Monitoring of pressure transients in a large water transmission system

Biren Saparia, Bryon Wood, Ahmad Abdallah, Tara McClinton, Joe Burchi, Laura Radtke, Steven Jin


Great Lakes Water Authority (GLWA)’s water transmission system services 3.8 million people from 112 communities in southeastern Michigan. The system includes 5 water treatment plants, 19 pumping stations and 816 miles of transmission main. The most water mains in Detroit were installed between 1900 and 1930 and majority of the transmission network in the suburbs of Detroit was built during 1960’s.

Despite increases in public infrastructure investments, municipal infrastructure is decaying faster than it is being renewed. For consequences of large diameter pipe failure will be high, GLWA is facing the problem of aging water infrastructure like other water utilities. To evaluate the probability of pipe failure, accurate information on loads acting on the transmission mains is critical. Pipe internal pressures, both steady‐state pressure and pressure transient, are among the key loads that needs to be estimated. GLWA operates a SCADA system to record steady‐state pressures throughout the transmission network. GLWA has developed a project of monitoring pressure transient events in the system.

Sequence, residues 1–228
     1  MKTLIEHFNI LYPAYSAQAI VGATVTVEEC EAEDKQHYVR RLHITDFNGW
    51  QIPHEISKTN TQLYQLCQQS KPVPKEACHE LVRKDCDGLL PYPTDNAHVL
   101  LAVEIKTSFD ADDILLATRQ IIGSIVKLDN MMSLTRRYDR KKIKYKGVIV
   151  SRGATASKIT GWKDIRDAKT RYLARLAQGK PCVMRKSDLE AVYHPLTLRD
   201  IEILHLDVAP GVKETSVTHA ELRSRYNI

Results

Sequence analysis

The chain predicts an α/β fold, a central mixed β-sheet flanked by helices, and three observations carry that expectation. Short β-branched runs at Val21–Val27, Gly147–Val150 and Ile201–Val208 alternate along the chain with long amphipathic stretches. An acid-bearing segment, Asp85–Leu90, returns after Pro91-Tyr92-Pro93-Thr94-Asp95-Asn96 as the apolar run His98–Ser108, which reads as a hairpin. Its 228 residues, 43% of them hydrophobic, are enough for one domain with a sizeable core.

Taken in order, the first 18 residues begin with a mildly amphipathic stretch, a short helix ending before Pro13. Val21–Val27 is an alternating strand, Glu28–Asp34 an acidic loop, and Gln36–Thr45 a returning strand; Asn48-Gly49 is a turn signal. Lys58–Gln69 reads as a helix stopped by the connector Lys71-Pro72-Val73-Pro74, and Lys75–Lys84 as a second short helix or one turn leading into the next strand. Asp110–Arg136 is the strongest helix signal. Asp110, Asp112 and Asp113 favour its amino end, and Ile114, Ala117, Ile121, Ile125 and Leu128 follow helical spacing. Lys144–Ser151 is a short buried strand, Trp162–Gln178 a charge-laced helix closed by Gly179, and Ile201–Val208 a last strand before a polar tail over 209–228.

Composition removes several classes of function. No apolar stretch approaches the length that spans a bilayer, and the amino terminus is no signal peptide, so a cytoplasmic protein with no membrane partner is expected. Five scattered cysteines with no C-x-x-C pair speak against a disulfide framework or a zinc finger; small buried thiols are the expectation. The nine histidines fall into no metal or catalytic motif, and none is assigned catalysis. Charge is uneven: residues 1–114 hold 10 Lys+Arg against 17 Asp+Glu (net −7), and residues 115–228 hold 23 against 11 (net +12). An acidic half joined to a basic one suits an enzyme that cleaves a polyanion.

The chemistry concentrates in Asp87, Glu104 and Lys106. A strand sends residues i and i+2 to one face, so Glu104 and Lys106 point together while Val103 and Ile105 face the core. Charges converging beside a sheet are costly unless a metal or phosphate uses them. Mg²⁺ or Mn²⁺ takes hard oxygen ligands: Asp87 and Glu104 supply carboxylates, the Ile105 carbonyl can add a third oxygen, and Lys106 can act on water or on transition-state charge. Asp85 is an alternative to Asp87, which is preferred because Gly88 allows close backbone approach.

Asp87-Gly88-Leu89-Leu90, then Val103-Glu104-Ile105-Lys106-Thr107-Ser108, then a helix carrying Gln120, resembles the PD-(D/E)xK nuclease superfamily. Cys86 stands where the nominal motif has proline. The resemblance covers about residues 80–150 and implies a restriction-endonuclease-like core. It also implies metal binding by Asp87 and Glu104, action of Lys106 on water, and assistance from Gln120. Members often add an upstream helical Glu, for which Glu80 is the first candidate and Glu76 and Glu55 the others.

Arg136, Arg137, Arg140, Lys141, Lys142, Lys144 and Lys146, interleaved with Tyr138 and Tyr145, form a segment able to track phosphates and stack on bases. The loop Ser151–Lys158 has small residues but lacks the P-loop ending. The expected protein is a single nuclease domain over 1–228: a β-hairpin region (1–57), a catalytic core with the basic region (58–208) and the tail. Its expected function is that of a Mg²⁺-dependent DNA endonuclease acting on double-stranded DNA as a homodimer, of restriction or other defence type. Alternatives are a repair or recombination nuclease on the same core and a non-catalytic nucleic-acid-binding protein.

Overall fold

Since 2017, GLWA has installed 34 Telog IoT pressure transient sensors, relevant hardware and software in the water system. Most of them are installed in its 14 large water pumping stations while some of them installed at valve pits and one of its 5 high lift pump stations. GLWA will complete pressure transient sensor installation for the remaining 4 high lift pump stations. A IoT recorder will record a pressure transient event when the pressure difference (either increasing or decreasing) reaches 15 pounds per square inch or more in a second. The pressure impulse data sampled by transient devices is wirelessly sent to Telog’s data host server. Over 30,000 pressure transient events have been recorded to date. To assess the pressure transient events, GLWA developed a Power BI application with a custom application program (API) to batch large quantity of pressure transient data from Telog’s server. The Power BI application allows GLWA to leverage pressure transient data and analytics. Since July 2020, GLWA has deployed Trimble Unity Remote Monitoring software to manage the pressure transient recorders and view the data. Trimble Unity can alarm users based on the amplitude of a pressure transient event.

GLWA has a predictive model to evaluate the conditions and forecast future rehabilitation or replacement needs of the water mains. The calculations are dependent on pipe length, diameter, material, age, break rates and life expectancy by manufacturer. The pressure transient data is being used as additional loading acting on the pipes to revise the predictive model.

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